Concerns over limited funds could lead lawmakers to scrimp on spending
increases in critical areas, such as the Department of Corrections. DeSantis
and Senate leaders have said they want to give prison guards raises to stop
the department’s high turnover rate and reliance on overtime.
Florida’s tourism marketing agency is once again on the chopping block.
Oliva sees no use for the department, calling $30 million of its $50 million
budget a “waste” in a recent op-ed in the Tampa Bay Times. He argued
tourists would likely flock to Florida anyway, and local tourist development
councils already use bed taxes for their own marketing efforts.
Visit Florida officials and its supporters, which include the tourism
industry, DeSantis and Senate leaders, say the program is vital to the
state’s economy and helped bring in more than 120 million visitors last
DeSantis is calling for extending Visit Florida for another eight years and
keeping its funding level at $50 million, but the House’s stance means the
agency is likely only to be extended for another year, if at all.
The case of Rebecca Fierle, a guardian for more than 400 elderly patients
who signed a Do Not Resuscitate orders without her client’s permission in at
least one case and allegedly double-billed AdventHealth hospitals for her
services, has brought focus on the state’s entire guardianship program.
Fierle was routinely appointed as guardian to elderly patients by judges
with little justification, taking advantage of loopholes in the system.
Lawmakers will attempt to close those this year.
Sen. Kathleen Passidomo, R-Naples, is sponsoring SB 994, which would prevent
guardians from signing DNR orders without specific court authority and
require judges to ask potential guardians about conflicts of interest with
prospective clients. Guardians also would be prevented from petitioning to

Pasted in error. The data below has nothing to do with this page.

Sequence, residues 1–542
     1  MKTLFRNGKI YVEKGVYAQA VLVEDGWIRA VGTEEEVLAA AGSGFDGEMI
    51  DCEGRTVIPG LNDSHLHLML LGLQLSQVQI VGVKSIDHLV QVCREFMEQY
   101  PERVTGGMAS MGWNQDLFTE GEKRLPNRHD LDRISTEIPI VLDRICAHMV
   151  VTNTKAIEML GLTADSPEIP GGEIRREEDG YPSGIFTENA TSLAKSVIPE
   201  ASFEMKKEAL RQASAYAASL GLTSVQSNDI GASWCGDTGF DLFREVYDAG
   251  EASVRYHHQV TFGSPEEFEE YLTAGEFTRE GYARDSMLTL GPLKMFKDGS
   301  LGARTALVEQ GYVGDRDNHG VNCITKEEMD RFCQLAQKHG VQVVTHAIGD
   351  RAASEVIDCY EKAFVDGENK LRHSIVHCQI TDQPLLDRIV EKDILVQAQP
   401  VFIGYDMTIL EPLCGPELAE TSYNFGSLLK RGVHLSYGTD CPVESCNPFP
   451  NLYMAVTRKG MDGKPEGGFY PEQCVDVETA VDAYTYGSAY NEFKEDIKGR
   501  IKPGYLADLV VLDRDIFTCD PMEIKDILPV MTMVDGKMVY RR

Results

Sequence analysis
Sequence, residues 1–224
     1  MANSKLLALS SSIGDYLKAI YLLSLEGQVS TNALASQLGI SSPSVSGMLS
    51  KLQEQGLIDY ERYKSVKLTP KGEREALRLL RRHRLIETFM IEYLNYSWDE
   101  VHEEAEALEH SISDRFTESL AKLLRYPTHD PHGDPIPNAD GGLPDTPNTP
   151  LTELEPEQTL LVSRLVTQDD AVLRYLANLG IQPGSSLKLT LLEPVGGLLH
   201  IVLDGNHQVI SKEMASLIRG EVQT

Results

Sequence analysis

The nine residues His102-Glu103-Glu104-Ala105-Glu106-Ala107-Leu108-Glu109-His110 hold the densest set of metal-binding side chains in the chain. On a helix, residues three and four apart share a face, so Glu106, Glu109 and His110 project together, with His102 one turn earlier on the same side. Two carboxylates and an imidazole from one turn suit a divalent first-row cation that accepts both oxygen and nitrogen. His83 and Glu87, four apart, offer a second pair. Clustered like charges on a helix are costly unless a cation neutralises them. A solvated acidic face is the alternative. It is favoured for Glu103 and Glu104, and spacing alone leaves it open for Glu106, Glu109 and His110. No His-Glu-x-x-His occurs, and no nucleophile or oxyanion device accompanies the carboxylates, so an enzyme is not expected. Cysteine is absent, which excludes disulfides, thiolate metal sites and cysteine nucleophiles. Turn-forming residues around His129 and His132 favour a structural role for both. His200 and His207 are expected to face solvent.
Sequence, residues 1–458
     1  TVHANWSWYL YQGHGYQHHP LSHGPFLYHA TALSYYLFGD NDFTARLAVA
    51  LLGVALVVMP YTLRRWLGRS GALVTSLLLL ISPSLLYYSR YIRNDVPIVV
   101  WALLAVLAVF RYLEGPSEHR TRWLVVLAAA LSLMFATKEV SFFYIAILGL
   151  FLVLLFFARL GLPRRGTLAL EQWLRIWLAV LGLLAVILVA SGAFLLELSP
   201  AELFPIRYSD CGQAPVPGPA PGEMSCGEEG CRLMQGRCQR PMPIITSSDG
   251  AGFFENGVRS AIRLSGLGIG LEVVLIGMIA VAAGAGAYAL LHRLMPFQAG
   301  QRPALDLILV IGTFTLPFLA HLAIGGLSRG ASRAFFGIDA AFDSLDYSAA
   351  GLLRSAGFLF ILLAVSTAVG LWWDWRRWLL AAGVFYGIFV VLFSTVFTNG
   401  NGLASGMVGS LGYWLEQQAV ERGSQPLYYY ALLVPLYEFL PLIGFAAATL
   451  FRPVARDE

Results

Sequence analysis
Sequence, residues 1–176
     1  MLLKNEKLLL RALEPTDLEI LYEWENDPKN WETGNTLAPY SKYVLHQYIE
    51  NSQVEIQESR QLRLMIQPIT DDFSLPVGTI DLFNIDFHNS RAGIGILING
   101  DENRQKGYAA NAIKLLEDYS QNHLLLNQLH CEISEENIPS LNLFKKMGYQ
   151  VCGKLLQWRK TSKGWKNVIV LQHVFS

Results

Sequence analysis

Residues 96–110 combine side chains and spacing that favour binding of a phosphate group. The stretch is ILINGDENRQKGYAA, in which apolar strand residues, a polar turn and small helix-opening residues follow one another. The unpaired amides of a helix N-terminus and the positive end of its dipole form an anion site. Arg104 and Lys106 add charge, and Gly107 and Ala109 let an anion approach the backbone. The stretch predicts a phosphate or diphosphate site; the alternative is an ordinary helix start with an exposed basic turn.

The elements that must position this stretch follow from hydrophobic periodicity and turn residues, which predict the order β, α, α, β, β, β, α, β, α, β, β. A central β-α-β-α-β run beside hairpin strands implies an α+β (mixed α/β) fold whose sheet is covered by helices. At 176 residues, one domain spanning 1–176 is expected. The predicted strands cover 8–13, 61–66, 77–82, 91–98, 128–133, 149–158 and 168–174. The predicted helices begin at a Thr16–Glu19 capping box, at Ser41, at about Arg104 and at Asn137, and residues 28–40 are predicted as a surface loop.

become guardians of a specific ward themselves unless they were related to
In addition, DeSantis included a $6.4 million increase for the Office of
Public and Professional Guardians in his budget recommendation, which would
nearly double its budget to $14.7 million.
A statewide grand jury investigating school safety wants the Legislature to
get tough on districts that don’t follow the law.
In a scathing report, the grand jury found districts aren’t fully carrying
out school-safety requirements. It also faulted districts for not accurately
reporting campus crime data. The panel recommended that the Legislature give
the Florida Department of Education more power to investigate and punish
school officials who aren’t following the law. Penalties could span from
withholding pay to removal from office and referral for criminal charges.
Republican state Sens. Joe Gruters and Tom Lee have filed a bill that would
require businesses to run new hires through the federal E-Verify system to
check if they are eligible to work. Making those checks mandatory was a key
campaign promise made by DeSantis, a close ally of President Donald Trump.
But business groups oppose the requirement, saying it would hurt Florida’s
economic growth and industries struggling to find workers. During the 2019
session, DeSantis scored a victory when the Legislature passed a bill
banning sanctuary cities that offer protections to undocumented residents.
That measure, though, wasn’t as consequential as the E-Verify bill as
Florida does not have any sanctuary jurisdictions, according to the U.S.
Department of Justice.
Bills have been filed that would change how Florida’s medical marijuana
market operates, ending the “vertical integration” model that caps the
number of licenses and requires companies to handle cultivation,
distribution and retail from seed to sale.
Other measures would waive the $75 fee for a medical marijuana card for
service-disabled veterans, implement workplace protections for medical
marijuana patients and add sickle cell anemia to the conditions eligible for
medical marijuana treatment.
The biggest change to the state’s marijuana laws could come if an initiative
to legalize recreational pot makes it on the ballot for the 2020 election.
Make it Legal Florida has certified 251,319 of the 766,200 signatures it
needs to get the item on the ballot. The question would also have to pass a
review by the Florida Supreme Court.
As a crucial swing state, Florida is in the crosshairs of hackers looking to
influence the outcome of the 2020 presidential election.